I think the money from a slight increase in a local meals tax ought to be targeted on a few specific local benefits. What if the money could encourage more people to downtown, what if sidewalks could be improved, what if our parks could be improved, what if we could increase the elderly exemption for senior homeowners? What if we put the money into a capital improvement fund for needed infrastructure repair? The needs are great and the local resources at our disposal are stretched thin.
This is hardly a radical notion that will kill Newburyport restaurants-- it's a rational move taken by Boston, Brookline, Somerville, Cambridge and many other smaller communities and it's even higher in New Hampshire and Maine.
I spoke to a restaurant owner last week who said that an increase in the amount I'm proposing would not impact business.
I wanted to raise these issues now so that they can be discussed prior to the election. I'd encourage you all to contact your City Councilors or attend the City Council meeting and make your opinions known.
Saturday, October 10, 2009
Discussion and debate are alive and well in the comment section of the Daily News....
Thank you, Ed Cameron
Thursday, October 8, 2009
This is background information on three orders which are on the Council agenda for the Tuesday, October 13 City Council meeting at 7:30PM at City Hall.
1) Civil Service
The first order would exempt the positions of Police Marshal and Fire Chief in the City of
Without the constraints of the civil service laws for these two important positions, the City can select from a much broader and diverse group of candidates, which certainly increases the City’s ability to hire the best candidate for the position. For the Marshal position, the October 2001 Newburyport Police Management review recommended this change be adopted by the Council. As I've told the current Marshal and Chief, I'm proposing this change to put the City on the best footing possible going into the future and the proposed order is not a reflection on my perception of their performance. I appreciate their professionalism in protecting our public safety.
Other communities have made this change:
If approved by our Council, the State Legislature would need to pass a Home Rule Petition to enact this change.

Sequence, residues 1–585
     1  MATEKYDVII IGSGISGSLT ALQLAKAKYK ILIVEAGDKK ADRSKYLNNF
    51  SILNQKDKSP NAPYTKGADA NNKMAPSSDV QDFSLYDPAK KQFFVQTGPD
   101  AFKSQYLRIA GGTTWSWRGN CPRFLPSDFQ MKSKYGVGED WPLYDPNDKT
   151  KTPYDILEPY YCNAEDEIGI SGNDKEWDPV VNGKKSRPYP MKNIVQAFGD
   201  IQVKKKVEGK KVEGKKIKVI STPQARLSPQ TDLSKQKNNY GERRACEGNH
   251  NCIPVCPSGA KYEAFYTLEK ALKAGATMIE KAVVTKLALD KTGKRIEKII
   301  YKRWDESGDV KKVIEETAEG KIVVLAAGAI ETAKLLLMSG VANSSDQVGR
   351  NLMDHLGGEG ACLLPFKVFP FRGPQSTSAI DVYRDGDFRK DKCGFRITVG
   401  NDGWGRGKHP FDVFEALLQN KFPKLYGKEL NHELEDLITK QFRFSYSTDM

2) Local Meals Tax
The second order concerns whether
The following 32 communities have adopted a local meals tax effective October 1st, 2009:
3) Local Hotel Tax
The third order concerns whether
Taken together, the adoption of the local meals tax and the amending of the local hotel tax would be a step to diversifying the City’s revenue stream. Make no mistake about it--these are tax increases. But what is important to note is that now - with the Governor and Legislature approving these changes effective this Fiscal Year - the locally generated revenue stays here in town rather than go into State coffers. So we in Newburyport decide how we want to spend it.
Many cities and states have higher meals and hotel tax rates. For example, the state of
Much of the cost of the proposed meals tax will be paid by non-residents and virtually the entire hotel tax will be paid by non-residents. Because these excise taxes are small in nature – a $100 restaurant bill will be increased by 75 cents and a $200 B&B overnight will be increased $4 -- these incremental changes are not likely to have an impact on attracting tourists and diners to
The impact on residents will be real but this additional recurring revenue will help achieve important City priorities that will benefit residents and local business. Estimated annualized meals tax revenue for
My recommendation to my fellow Councillors is that this additional revenue be targeted to specific City priorities rather than directed into the General Fund. For example, funds could be directed to downtown improvements including park, parking, and transportation; funds could be directed to neighborhood street and sidewalk repair; funds could be used to increase property tax exemptions for seniors or funds could be directed to specific education priorities.
Information from MA DOR on the administrative steps necessary to enact these changes is here http://www.mass.gov/Ador/docs/
Public input on these matters will be important as the Council discusses these issues.
Councillor Ed Cameron